Interest Rate Rise: What it means for homeowners May 16, 2022
Worried about interest rate rises? You’re not alone. The Reserve Bank’s announcement on 03 May 2022 to increase the cash rate target has most homeowners on edge. When the cash rate rises, unfortunately, home loan interest rates also rise. But what does all this mean? In this post, we’ll explore what an interest rate rise means for homeowners. You’ll learn:
- what a cash rate is,
- what interest rates are and why they change,
- why interest rates are rising in Australia,
- what this means for your home loan repayments
- if an interest rate rise will impact property prices,
- how you can prepare for an interest rate rise
Now we understand that this post might be a little, shall we say ‘dry’? But, it’s important! So grab a cuppa, and let’s dive in
What is a cash rate?
The cash rate is the interest rate that a bank pays to lend funds from other banks in the money market on an overnight basis to meet their daily cash needs. As the central bank for Australia, The Reserve Bank is the primary decision-maker when it comes to Australian monetary policy, with a duty to contribute to the stability of the currency, full employment, and the economic prosperity and welfare of the Australian people.
Meeting on the first Tuesday of every month (except January), the RBA considers various factors (like employment rates, economic growth and inflation) to decide whether the official cash rate should change. The recent decision to increase the official cash rate by 25 basis points was the first time in 10 years that the RBA decided on an increase.
What are interest rates, and why do they change?
Now that you know about cash rates, you’re probably wondering what they’ve got to do with interest rates. Decisions to increase, decrease or hold (leave ‘as is’) cash rates have flow-on effects on other areas of the economy, including the interest rates set by banks for their variable loan products.
Interest is what a bank charges when they lend you money for products like credit cards, personal loans and home loans. The lower the interest rate, the less interest you’ll pay over the life of the loan for lending the money. The interest rate set by the bank is influenced by the cash rate set by the RBA.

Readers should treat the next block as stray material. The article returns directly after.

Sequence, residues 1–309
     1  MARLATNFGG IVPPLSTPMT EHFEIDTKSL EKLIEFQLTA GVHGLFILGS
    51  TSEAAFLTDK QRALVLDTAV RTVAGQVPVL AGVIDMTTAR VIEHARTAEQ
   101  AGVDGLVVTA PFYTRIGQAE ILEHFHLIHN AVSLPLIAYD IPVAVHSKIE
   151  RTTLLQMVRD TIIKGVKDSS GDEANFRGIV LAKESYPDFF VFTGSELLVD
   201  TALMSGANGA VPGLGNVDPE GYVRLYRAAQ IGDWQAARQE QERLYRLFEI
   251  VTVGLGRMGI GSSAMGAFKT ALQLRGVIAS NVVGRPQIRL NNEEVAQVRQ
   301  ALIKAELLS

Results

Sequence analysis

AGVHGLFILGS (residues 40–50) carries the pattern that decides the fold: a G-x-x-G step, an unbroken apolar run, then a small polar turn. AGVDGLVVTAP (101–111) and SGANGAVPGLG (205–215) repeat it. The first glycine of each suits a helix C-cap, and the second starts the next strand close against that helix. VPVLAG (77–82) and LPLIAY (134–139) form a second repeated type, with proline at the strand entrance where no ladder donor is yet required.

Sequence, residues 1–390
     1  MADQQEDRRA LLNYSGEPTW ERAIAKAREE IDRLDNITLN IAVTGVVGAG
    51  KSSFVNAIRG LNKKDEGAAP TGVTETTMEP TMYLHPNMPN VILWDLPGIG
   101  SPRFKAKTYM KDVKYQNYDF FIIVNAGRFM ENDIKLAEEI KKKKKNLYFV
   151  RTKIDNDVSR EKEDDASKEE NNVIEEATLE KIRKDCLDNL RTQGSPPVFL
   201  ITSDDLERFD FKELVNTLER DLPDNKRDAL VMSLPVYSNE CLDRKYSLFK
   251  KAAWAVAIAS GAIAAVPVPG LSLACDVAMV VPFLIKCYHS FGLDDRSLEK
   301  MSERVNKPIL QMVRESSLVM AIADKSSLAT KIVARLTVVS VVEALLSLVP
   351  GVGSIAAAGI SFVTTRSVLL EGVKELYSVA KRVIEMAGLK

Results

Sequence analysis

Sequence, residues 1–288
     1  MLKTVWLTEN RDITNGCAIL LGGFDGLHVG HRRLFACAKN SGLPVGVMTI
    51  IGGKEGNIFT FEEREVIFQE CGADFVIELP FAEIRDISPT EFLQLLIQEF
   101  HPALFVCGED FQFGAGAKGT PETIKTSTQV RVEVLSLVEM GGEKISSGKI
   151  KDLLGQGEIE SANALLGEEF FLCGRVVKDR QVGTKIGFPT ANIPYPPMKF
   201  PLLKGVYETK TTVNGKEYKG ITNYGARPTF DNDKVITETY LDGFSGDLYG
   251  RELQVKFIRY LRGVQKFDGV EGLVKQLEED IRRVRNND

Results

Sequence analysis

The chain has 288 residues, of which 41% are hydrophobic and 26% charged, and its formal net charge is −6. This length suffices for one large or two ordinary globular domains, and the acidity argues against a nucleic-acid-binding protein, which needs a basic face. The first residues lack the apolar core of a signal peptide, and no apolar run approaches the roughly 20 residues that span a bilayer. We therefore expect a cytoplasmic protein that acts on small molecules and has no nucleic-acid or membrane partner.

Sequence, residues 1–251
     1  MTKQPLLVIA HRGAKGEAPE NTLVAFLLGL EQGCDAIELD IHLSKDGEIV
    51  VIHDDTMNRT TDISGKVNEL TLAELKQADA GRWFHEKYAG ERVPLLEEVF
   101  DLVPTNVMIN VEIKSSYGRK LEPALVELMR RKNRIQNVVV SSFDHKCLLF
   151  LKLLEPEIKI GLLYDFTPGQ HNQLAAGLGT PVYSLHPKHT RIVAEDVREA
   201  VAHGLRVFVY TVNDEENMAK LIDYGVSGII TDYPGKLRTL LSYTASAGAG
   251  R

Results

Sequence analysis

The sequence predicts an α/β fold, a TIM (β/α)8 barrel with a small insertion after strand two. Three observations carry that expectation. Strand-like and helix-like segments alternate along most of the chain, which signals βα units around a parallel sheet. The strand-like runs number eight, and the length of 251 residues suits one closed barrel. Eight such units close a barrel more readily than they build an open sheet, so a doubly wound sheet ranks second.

According to Mortgage Choice, when the cash rate is low, interest rates on your mortgage will feel more affordable because you’re paying less interest each month on your borrowed money. However, when the cash rate increases, banks’ interest rates follow, and the cost of borrowing money is more expensive. Likewise, a decrease in interest rates often leads to a rush of people buying a property because home loans are seemingly cheaper. The opposite is true when an interest rate rise occurs.
Are interest rates rising in Australia?
Interest rates are influenced by the behaviour of the cash rate – this part, we already know. But, it’s important to acknowledge that the announcement made by the RBA was to increase the ‘cash rate target’ to 35 basis points (an increase of 25 basis or percentage points). Banks will take this into account when considering whether to increase interest rates. Still, they also consider several other factors when deciding to increase interest rates, such as the competitive environment, funding costs and customer feedback.
In saying this, since the announcement to increase the cash rate target was made, the big four banks (CBA, NAB, Westpac, and ANZ), as well as some smaller banks, have stated that they will be passing full the RBA’s increase in the cash rate ‘in full – it may have already happened. You can expect the variable interest rate on your home loan to increase by the same 25 percentage points that the RBA applied to the official cash rate target. What does this mean for you? If your interest rate is currently 4%, you can expect it to rise by 25 percentage points to 4.25%